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levels of violent incidents remaining much the same. A high incidence of antisemitic crimes was reported in both rural and urban areas, but the survey found that the highest rises affected the small centers of Jewish presence outside the major urban centers of Montreal, Toronto, and Ottawa. Antisemitic incidents were also reported in new situations: in union settings, medical facilities, retail outlets and other usually benign places where one would not normally expect antisemitism to manifest. Canadian cases are categorized as vandalism, harassment, and violence. The levels of violence remain largely unchanged from 2006, with 2.7 percent of the overall reported antisemitic incidents (there were 28 cases in 2007 compared to 30 in 2006). The report expressed concern at a growing public acceptance of a certain level of hate activity as tolerable to society.68 The total number of incidents rose to 1,042, nearly double the 584 mark of 2003, and continuing an almost uninterrupted upward trend since 1998, when 240 cases were reported. Levels of vandalism, representing 32 percent of the total incidents, dropped slightly, from 317 in 2006 to 315 cases in 2007. These included 22 incidents involving synagogues, down from 42 in 2006, and 6 involving Jewish community centers. There were 9 cases of cemetery desecration, compared with 1 in 2006 and 2 in 2005. An Ottawa cemetery was vandalized three times over three months, with 66 graves damaged or defaced. Vandals attacked Canadian Jewish homes in 132 cases, up from 118 in 2006.69 While Bnai Briths annual audit remains the most comprehensive tracking of antisemitic incidents nationwide, and the only source that allows for an analysis of trends over time, official data has also become a useful source of information. On June 9, 2008, the government released national hate crime statistics for the first time. This report consists of data reflecting 892 hate-motivated cases from the year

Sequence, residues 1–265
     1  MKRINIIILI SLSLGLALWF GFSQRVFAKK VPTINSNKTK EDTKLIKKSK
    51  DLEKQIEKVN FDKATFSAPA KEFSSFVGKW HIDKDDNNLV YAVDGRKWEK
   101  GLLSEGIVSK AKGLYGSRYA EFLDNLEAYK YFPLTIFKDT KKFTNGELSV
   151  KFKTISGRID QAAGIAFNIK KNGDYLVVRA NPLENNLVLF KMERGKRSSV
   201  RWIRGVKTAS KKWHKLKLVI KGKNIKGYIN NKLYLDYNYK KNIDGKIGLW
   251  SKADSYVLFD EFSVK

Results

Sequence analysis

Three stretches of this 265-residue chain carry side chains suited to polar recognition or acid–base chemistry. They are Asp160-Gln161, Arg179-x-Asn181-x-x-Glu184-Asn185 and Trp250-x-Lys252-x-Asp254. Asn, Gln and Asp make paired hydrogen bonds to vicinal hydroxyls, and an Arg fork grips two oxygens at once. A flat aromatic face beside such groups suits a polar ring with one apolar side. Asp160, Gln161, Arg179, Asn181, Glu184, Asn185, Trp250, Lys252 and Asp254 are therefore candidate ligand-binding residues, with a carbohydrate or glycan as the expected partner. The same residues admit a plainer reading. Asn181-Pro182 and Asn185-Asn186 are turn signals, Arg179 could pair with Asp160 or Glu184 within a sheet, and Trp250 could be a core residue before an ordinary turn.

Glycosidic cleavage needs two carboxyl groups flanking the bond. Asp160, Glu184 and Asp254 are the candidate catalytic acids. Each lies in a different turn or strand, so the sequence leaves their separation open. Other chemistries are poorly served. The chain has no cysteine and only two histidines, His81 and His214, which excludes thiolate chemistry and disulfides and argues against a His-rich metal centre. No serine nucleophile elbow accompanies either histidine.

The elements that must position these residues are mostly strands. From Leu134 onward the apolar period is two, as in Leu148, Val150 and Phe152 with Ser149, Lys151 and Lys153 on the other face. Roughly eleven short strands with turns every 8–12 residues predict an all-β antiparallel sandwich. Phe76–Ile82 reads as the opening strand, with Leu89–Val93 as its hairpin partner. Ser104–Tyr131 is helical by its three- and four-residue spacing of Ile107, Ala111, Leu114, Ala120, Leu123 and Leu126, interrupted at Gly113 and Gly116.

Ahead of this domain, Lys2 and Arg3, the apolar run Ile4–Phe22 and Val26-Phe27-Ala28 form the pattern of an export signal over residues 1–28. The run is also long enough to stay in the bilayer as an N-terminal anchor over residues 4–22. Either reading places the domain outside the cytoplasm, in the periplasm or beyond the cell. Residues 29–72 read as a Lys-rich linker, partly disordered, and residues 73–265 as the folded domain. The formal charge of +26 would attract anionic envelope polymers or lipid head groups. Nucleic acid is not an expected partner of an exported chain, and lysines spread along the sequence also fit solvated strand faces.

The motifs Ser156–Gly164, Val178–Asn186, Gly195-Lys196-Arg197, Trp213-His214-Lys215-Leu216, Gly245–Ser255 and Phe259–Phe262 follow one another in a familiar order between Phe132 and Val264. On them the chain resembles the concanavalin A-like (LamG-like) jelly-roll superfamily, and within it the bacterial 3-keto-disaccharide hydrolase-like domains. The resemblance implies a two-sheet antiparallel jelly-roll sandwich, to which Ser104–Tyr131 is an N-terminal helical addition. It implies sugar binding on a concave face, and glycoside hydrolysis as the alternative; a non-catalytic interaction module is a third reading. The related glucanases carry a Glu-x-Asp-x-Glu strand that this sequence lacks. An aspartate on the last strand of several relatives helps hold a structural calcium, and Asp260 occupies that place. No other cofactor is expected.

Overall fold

2006. Police-reported data found that approximately 137 incidents (15 percent) represent anti-Jewish hate crimes. Of those, 32 incidents (23 percent) involved violence. Within the category of religious-motivated offenses (220 total), anti-Jewish hate crimes constitute 62 percent.70 The Canadian Centre for Justice Statisticsthe body responsible for producing these hate crime statisticsanticipates publishing hate crime statistics on an annual basis with 2007 hate crime statistics to be published in spring 2009.71 This should provide a new source of valuable information on incidents and trends going forward.

In France, 2007 data on antisemitic offences from the Interior Ministry and the National Consultative Commission on Human Rights (CNCDH) show a 32.5 percent decline since 2006, a finding with which Jewish community monitors largely concur.72 The Representative Council of French Jewish Communities (CRIF), documented a 30 percent drop in total incidents in 2007, even while reporting a steady level of violent physical attacks as a percentage of overall incidents. CRIF reported 146 acts of antisemitic violence in 2007, a decline of about 32 percent from the 213 in 2006, while registering 115 threats (contrasted to 158 in 2006), a decline of 27.5 percent. CRIF found an overall decline in the figures for most categories of incidents, such as harassment, although the proportion involving violence held steady at high levels. Of the 261 incidents in 2007, 56 percent were acts of violence, compared to the 371 cases in 2006, of which 213, or 57 percent, were of a violent nature.73 Official figures on antisemitic, racist, and xenophobic violence in France for 2007 reflect a similar trend in anti-Jewish violence. This data, drawn primarily from the Interior Ministry, is compiled in the annual report on racism and xenophobia of the CNCDH. The CNCDH report, which used the statistics compiled by CRIF and